TV/E and WWF hook up with young filmmakers to highlight climate change one million times

by WWF Bolivia

tve launched ‘A million views on Copenhagen’, a series of short, quirky, irreverent climate change videos from the YouTube generation, on Tuesday October 13th at 18.00 BST.

tve in partnership with WWF has commissioned hit YouTube filmmakers – including Eddsworld, Ted Crusty and Custard Productions – to give their individual takes on climate change in the run-up to the UN’s climate change summit in Copenhagen in December. For a teaser go to: .

At Tuesday’s launch event in Central London, Edd Gould and Tom Ridgewell of Eddsworld, the second most subscribed UK comedy channel on YouTube, and Michael Tapshott of Ted Crusty, whose short climate change disaster film notched up thousands of views in days, was available for interview. The films were live on tve’s YouTube Channel at 18.00 BST on Tuesday 13 October( and tve aims to attract more than one million viewers before the crucial conference in December.

Viewers are also invited to Vote Earth and send a message to world leaders by going to and joining the call for a global deal on climate change at Copenhagen.

The series of films and animations have been created by cult YouTube producers with vast following of on-line fans. They’re joined by a 16-year-old schoolgirl from Nepal and an award-winning Namibian animator. A polar bear falling from the sky, plastic trees and a Lego campaigner against carbon tax are just some of the ways these members of the YouTube generation deliver their takes on climate change.

British animator Edd Gould, 20, said: ‘Most people would rather watch shallow entertainment than a heavy documentary that makes them feel bad about themselves and their future. We hope our contribution will entertain as much as it informs and gain the interest of a generation which would normally glance over the issue.’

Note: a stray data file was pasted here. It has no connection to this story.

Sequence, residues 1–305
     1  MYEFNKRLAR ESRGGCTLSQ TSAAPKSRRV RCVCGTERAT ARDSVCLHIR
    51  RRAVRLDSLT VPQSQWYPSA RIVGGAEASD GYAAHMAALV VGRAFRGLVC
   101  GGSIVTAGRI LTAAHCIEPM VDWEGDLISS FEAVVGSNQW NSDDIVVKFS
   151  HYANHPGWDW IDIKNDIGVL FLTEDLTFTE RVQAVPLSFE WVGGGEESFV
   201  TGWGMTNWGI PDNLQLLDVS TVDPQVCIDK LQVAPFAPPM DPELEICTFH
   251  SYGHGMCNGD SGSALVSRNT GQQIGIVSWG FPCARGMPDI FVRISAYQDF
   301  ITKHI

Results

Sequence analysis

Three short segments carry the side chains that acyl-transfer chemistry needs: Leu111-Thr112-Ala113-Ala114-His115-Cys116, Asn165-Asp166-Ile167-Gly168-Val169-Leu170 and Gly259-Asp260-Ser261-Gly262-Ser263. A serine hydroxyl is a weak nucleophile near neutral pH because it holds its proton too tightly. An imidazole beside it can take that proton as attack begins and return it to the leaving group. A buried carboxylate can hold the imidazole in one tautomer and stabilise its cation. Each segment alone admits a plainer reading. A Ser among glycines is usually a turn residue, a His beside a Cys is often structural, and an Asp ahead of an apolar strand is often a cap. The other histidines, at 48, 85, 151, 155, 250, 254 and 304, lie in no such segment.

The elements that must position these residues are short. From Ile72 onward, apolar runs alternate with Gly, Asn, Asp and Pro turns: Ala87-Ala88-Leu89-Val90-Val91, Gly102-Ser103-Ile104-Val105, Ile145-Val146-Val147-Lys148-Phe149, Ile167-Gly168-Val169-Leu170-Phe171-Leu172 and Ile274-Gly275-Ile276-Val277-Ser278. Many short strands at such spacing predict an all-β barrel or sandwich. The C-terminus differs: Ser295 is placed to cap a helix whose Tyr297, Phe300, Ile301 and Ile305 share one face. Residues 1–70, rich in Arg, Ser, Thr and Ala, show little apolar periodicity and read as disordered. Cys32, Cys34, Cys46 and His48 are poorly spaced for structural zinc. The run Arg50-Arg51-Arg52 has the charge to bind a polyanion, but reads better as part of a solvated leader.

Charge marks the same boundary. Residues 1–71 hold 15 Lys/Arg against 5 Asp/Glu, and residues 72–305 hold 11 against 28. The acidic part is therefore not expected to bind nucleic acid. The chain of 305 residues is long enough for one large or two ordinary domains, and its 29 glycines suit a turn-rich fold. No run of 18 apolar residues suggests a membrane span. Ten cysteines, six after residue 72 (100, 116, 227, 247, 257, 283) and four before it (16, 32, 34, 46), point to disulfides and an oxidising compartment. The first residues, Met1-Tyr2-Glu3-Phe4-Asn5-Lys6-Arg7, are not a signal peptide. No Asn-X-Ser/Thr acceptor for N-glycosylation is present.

Australian animator Keshen Matus, 20, whose Lego dramas have attracted millions of viewers, adds: ‘Young people should not only be interested, but critical. Never go along with what looks good on the surface, do your own research and come to your own conclusions.’

Cheryl Campbell, executive director of tve, described the experience: ‘It's been fantastic fun working with some of the most exciting and innovative young filmmakers around. But there's been a serious purpose underlying all that fun: we wanted to make sure that huge numbers of young people who follow YouTube channels had a chance to engage with Copenhagen - we hope that by linking up with these YouTube mega-stars we will achieve that. tve is hugely grateful to the Artemis Charitable Foundation for making this all possible."

Martin Atkin, Director of External and Media Relations for WWF International said: “The YouTube generation is the one which will have to deal with the worst impacts of climate change. One Million Views is their chance to send a powerful message to decision makers in Copenhagen, whilst giving us all a good laugh at the same time. “


1. The YouTube videos are being launched at 18.00 BST on 13 October at the offices of Artemis, Cassini House, 57 St James’s Street, London SW1. For more information, or to interview the filmmakers: Ed Gould and Tom Ridgewell (Eddsworld) and Mike Tapscott (Ted Crusty) contact Isabel Morgan email: or +44 (0)207 901 8855

2. A million views on Copenhagen is run in partnership with WWF and is made possible by the support of the Artemis Charitable Foundation.

3. For 25 years tve has created compelling programmes on environment and development for audiences worldwide. In 2008, thanks to its global network of partners, tve’s films were seen in 172 countries in 300 million homes via global broadcast and by half a billion more people on national, regional and local channels and through the internet.

4. About WWF
WWF is one of the world's largest and most respected independent conservation organizations, with almost 5 million supporters and a global network active in over 100 countries. WWF's mission is to stop the degradation of the earth's natural environment and to build a future in which humans live in harmony with nature, by conserving the world's biological diversity, ensuring that the use of renewable natural resources is sustainable, and promoting the reduction of pollution and wasteful consumption.

Click here to post comments

Join in and write your own page! It's easy to do. How? Simply click here to return to WWF Articles.